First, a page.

De Gruyter Advent Calendar | Door 6
A MATHEMATICAL PERSPECTIVE ON SANTA CLAUS'S HOUSE
"That's Santa Claus's House" is a popular puzzle in Germany. The challenge is to draw "Santa Claus's House" without taking the pencil off the paper and without following the same line twice. Most German children have at some point drawn one crooked house after another in their attempts to solve the puzzle. Dr. Dr. h.c. Norbert Herrmann, our resident author and mathematician, has a better idea.
For one thing, he has never tried to solve the puzzle with a pencil and paper. To him, the puzzle is not a house, but a geometric figure consisting of points and straight lines. He solves the problem by dint of mathematical logic:
- There is always one point at which one begins and one point at which one ends.
- Each point on the figure has a different number of lines leading to it. The number of these lines is either an odd or an even number.
- If an even number of lines lead to a point, it is a transit point; it is arrived at and then left again.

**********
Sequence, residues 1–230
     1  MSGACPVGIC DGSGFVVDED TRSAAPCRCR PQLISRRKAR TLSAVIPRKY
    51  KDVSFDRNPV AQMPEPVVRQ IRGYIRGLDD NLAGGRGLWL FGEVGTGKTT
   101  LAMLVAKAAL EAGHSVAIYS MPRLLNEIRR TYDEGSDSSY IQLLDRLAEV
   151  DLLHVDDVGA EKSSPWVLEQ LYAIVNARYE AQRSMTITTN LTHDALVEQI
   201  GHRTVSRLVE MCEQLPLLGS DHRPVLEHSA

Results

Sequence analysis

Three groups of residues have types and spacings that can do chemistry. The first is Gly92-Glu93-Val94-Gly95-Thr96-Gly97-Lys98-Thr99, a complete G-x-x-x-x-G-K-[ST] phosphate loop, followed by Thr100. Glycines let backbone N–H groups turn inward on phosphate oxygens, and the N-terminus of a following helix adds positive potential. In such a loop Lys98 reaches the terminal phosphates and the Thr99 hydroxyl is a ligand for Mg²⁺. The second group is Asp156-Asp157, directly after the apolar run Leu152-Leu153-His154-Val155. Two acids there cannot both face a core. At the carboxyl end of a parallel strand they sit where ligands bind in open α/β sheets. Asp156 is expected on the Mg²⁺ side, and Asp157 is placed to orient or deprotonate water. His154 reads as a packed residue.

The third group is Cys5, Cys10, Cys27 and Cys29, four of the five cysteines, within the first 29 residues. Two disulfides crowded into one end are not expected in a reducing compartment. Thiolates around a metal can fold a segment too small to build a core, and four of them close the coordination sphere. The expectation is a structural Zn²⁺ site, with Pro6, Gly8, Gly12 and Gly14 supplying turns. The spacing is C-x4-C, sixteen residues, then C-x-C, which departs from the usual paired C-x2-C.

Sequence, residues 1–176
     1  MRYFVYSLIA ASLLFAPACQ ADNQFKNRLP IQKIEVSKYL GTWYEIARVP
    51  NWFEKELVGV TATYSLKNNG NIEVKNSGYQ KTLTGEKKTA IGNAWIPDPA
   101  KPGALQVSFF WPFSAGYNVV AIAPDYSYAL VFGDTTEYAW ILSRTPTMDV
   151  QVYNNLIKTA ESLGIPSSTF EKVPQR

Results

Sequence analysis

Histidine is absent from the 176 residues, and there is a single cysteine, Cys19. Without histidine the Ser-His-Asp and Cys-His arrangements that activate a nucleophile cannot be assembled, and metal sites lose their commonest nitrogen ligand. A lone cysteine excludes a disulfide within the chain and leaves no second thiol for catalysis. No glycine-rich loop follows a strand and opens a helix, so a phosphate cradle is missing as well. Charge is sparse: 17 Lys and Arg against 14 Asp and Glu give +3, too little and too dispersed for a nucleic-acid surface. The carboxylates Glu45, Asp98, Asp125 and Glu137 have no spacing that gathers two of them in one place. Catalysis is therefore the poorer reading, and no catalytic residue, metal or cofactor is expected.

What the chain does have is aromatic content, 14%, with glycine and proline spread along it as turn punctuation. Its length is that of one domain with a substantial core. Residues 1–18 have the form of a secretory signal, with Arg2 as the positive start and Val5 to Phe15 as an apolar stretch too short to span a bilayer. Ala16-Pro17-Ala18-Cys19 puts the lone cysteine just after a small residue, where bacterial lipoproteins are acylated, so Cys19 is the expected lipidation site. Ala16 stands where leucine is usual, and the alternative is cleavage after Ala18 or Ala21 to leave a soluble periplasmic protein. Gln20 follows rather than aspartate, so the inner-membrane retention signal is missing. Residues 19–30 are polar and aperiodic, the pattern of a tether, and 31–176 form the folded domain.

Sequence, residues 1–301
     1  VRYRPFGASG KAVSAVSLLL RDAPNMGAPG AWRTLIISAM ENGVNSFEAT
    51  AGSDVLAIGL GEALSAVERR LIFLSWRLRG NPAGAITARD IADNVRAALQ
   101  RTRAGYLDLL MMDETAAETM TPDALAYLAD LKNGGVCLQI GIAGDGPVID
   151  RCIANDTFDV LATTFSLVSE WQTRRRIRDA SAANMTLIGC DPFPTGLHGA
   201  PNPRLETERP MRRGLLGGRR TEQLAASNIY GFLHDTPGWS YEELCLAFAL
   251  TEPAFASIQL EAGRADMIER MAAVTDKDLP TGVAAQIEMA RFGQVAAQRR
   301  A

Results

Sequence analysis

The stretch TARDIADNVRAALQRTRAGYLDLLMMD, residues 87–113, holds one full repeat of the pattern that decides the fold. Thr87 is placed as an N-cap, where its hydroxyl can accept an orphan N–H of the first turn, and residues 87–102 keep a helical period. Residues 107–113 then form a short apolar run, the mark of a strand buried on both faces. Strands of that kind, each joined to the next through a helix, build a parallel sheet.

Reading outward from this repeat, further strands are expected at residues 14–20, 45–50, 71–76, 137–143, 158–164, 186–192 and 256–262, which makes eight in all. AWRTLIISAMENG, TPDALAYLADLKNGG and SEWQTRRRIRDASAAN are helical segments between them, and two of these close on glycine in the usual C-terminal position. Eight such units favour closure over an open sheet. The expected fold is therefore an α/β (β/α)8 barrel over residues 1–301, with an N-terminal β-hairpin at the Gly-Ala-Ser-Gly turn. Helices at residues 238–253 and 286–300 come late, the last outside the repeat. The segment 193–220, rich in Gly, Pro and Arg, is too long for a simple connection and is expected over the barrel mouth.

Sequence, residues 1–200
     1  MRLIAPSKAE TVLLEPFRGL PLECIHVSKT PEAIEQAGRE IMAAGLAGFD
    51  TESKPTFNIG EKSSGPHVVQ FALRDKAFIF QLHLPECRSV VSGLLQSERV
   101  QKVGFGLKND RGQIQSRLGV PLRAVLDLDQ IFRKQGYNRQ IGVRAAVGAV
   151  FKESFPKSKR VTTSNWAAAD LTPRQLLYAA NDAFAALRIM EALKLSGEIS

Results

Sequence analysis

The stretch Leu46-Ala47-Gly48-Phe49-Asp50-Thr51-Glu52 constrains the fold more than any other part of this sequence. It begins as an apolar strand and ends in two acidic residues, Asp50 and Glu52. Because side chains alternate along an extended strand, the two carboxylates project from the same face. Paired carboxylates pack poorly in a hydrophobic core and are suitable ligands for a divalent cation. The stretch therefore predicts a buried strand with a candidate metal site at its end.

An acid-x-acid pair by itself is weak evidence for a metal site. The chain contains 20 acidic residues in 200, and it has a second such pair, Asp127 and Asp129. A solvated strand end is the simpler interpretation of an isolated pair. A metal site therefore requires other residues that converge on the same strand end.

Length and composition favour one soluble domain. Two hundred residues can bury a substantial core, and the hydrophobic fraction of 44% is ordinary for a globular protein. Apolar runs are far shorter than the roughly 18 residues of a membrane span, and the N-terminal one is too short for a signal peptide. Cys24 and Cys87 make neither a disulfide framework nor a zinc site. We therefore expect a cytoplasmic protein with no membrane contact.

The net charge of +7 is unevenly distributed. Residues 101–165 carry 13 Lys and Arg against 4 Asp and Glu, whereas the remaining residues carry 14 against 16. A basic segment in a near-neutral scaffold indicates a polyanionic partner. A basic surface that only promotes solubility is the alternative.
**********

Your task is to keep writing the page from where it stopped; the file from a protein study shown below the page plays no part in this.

- If an odd number of lines lead to a point, it can serve only as either a starting point or an end point.
And now for the logic:
In order to draw the house, we need a starting point and an end point. Since only points with an odd number of lines can serve as starting and end points, we must have
=> No more and no fewer than two points in the figure to which an odd number of lines lead.
Is this the case in Santa Claus's house? It is:
And if we know that, we also know where our starting and end points are.
The advantage of Mr Herrmann's method over trying to draw the figure, like the rest of us do, is that it can be used to solve more than just the puzzle of Santa Claus's house.
Any other puzzle in which a geometrical figure has to be drawn in the same way must always have exactly two points to which an odd number of lines lead. If the figure has more than two such points, the puzzle cannot be solved.
The puzzle can also be solved if the figure consists solely of intersecting straight lines. In this case, any point can be taken as the starting and end points.
Try it for yourself!